Edge: Castillo


Castillo has made great strides in the receiving part of his game.  He's always had the tools but the focus wasn't always there.  He has gone from being occasional sloppy to solid average, perhaps a bit more, in that area, but Clevenger may be a bit better at this stage.

Slight Edge: Clevenger

Throwing Arm

Clevenger has an average arm but Castillo has a cannon.

Edge: Castillo


Clevenger bats lefty and makes for a better complementary player as far as matchups are concerned.

Edge: Clevenger


Although it may never come into play, Clevenger can play 1B and 3B if needed.  Castillo is strictly a catcher.

Edge: Clevenger

Player Development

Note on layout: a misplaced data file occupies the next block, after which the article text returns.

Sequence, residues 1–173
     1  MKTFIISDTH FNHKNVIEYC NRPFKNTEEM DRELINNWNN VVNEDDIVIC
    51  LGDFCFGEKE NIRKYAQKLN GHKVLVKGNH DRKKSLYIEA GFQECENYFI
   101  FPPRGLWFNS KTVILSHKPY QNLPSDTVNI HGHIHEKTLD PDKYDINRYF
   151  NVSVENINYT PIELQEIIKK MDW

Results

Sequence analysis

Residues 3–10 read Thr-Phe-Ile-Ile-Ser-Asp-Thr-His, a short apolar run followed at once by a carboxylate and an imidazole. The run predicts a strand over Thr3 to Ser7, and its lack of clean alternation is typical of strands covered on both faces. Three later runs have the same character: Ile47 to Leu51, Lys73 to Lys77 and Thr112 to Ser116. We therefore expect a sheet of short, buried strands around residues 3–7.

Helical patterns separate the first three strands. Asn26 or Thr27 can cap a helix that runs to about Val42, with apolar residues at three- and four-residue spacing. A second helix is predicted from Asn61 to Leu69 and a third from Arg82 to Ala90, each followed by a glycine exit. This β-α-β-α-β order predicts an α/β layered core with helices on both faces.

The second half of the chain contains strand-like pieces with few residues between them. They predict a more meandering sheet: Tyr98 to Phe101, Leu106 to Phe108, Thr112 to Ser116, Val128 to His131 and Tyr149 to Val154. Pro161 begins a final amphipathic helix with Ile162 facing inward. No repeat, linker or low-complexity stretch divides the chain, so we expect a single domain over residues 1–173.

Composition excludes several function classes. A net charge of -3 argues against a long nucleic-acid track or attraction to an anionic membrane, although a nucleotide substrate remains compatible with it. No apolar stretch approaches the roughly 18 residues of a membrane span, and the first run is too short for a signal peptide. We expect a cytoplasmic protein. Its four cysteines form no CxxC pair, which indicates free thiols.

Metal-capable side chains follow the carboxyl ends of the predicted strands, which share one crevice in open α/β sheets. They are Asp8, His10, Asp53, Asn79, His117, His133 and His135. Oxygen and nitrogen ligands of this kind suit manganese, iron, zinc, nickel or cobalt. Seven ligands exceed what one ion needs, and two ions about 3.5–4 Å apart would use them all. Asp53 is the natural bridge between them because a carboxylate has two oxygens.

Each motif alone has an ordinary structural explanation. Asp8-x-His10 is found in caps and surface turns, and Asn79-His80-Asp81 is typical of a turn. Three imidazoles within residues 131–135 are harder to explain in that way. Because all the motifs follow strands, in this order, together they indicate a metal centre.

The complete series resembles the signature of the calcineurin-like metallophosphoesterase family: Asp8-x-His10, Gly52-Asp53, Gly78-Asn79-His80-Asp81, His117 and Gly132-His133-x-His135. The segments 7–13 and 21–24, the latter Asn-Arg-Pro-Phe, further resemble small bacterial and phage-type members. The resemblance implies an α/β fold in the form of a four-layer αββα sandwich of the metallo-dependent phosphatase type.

Clevenger is the more polished player and also has the lower ceiling, so he's less likely to be less hurt by missing additional time in AAA.  Castillo has starting potential but needs to work on being more consistent with his receiving and perhaps continuing to improve on his plate discipline.

Edge: Clevenger

Roster Situation/Options/Cost Control

This part is pretty inconsequential as both are on the 40 man roster, although Clevenger does have an extra option.  You could argue that Castillo could be a starter and delaying his service time would save the Cubs more money than Clevenger, who's destiny is likely to be a backup.


It's a close call, but I think Clevenger fits the profile of a backup catcher better and in the end, Castillo might be better served to get ABs everyday. On the other hand, Castillo really doesn't have a lot to prove at AAA and may be better served by the MLB coaching staff to continue his development.